know that by starting this little series of posts with Miles'
collaborations with Gil Evans that I missed a whole chunk of great jazz
that he made with small bands so here are a couple of my absolute
favourites, taken from 1958s Milestones.
Milestones is a great example of the up-tempo hard-bop style that Miles was playing at the point immediately before Kind Of Blue
the following year. The rhythm section on the album is incredible
throughout - Red Garland (piano), Paul Chambers (bass) and Philly Joe
Jones (drums). But what I love about it is how each of the horn players
has such a unique voice - Cannonball Adderley, John Coltrane and Miles
Miles Davis - Straight, No Chaser
can really hear it on this version of Thelonious Monk's "Straight, No
Chaser" (which reminds me, I should really do a Monk post sometime...).
Cannonball Adderley sounds like a bloke you'd like to go for a drink
with, ebullient and vivacious, good humoured (from 0:31); Miles Davis is
someone you'd need to watch yourself around, kind of reserved,
stand-offish, urbane and "cool" (from 1:51); John Coltrane is incredibly
intense, already swallowing endless notes, heading towards his
trademark "sheets-of-sound", more abstract and aggressive than the other
soloists (from 3:59). It's really psychologically fascinating! And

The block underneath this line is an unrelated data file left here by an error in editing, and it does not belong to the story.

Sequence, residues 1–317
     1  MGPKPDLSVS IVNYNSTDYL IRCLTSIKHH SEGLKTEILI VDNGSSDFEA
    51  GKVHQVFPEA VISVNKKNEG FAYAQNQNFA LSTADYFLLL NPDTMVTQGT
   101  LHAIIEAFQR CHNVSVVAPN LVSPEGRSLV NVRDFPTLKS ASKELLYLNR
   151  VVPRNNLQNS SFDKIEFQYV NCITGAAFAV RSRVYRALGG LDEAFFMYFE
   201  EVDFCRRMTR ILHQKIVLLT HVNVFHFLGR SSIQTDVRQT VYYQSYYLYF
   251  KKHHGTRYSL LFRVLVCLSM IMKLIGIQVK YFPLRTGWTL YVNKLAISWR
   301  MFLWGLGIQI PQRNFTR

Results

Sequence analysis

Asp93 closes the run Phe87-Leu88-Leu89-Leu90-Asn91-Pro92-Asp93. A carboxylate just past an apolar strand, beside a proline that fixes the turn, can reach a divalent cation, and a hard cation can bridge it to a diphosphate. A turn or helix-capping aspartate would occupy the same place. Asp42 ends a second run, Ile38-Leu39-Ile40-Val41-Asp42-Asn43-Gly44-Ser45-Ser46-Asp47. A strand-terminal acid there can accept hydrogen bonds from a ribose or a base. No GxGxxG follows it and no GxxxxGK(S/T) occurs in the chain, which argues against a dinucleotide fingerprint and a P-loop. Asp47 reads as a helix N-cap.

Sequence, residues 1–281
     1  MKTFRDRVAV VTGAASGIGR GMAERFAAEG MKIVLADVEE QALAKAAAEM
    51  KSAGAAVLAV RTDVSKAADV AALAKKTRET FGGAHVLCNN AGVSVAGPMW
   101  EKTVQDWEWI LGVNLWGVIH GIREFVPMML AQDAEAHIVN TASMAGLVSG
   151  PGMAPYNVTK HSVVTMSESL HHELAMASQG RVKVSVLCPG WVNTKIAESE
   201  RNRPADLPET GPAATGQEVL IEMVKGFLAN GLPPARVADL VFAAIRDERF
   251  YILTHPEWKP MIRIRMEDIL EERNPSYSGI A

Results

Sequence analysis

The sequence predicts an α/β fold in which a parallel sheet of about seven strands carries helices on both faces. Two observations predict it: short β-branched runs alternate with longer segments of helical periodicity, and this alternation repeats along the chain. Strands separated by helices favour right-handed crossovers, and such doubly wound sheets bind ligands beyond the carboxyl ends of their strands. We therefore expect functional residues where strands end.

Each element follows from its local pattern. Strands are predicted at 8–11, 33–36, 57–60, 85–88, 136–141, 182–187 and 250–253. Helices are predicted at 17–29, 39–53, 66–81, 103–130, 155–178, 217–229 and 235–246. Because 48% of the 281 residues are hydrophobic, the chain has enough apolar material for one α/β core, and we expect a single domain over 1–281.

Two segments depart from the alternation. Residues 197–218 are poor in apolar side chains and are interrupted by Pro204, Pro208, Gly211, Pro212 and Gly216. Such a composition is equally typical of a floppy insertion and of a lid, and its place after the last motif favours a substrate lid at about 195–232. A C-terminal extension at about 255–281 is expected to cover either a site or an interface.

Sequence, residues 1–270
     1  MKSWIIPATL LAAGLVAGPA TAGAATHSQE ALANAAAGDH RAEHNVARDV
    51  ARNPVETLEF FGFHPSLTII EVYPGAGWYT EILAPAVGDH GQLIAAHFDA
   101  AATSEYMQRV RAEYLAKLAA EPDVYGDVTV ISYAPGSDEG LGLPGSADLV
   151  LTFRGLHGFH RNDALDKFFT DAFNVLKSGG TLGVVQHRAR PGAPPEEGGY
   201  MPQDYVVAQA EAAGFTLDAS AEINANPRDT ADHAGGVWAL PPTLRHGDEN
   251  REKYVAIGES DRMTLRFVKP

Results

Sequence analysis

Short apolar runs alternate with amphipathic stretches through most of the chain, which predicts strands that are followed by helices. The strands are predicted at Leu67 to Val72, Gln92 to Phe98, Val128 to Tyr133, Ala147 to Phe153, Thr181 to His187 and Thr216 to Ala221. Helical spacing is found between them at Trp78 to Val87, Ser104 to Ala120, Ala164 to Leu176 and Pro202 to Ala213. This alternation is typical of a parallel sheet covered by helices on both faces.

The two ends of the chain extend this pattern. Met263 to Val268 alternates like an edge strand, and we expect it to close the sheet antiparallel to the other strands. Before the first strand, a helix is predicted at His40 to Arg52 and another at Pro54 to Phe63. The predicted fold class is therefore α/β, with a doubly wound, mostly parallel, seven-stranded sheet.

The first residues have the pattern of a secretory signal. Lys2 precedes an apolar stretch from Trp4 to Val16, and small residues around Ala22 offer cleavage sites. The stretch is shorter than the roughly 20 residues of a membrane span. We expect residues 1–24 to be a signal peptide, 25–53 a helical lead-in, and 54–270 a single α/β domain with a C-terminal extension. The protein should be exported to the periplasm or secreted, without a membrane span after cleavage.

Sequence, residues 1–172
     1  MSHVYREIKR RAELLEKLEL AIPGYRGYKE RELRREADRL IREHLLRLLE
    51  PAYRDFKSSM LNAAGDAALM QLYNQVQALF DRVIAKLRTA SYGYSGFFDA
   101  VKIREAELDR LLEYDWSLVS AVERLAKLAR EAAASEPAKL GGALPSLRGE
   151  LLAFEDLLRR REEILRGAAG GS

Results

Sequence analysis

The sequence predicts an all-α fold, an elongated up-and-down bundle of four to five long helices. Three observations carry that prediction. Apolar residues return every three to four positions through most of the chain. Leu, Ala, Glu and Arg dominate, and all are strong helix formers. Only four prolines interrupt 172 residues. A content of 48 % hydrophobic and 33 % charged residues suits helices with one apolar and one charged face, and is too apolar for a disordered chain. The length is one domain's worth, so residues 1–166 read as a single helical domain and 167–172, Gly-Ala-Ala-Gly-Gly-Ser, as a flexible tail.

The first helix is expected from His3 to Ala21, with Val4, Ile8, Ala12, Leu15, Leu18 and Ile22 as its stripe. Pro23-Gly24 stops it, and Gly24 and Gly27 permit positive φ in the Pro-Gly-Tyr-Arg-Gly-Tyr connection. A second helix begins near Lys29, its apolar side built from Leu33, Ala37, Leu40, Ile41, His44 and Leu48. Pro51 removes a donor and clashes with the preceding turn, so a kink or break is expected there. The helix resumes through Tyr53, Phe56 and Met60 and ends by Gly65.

besides all of that, I love the weird syncopation and angular phrasing
that Monk has applied to the tune - it makes you forget that it's
basically just a 12-bar blues.
Miles Davis - Milestones
track is why the album is usually referred to as "transitional" (like a
lot of Miles Davis albums!). There are no chords in this piece, the
players just had two scales that they had to play over once the theme
has been stated; scale A, scale B, scale A, repeat! There's no harmonic
motion, so the players have to be inventive melodically - and again you
hear the individual voices coming out when the horn players solo,
probably even more so because they've got no chords to play against.
Genius but simple!
Next time, we enter the heart of darkness with live recordings from The Plugged Nickel, 1965!
Buy - Milestones
Visit - Miles Davis (wikipedia)
Hi Steve. I've much enjoyed reading your Miles posts. Have you got the
Monk/Coltrane Carnegie Hall concert that they uncovered recently? It's
an incredible document of the beginning of the 'sheets of sound' style.
Keep it up!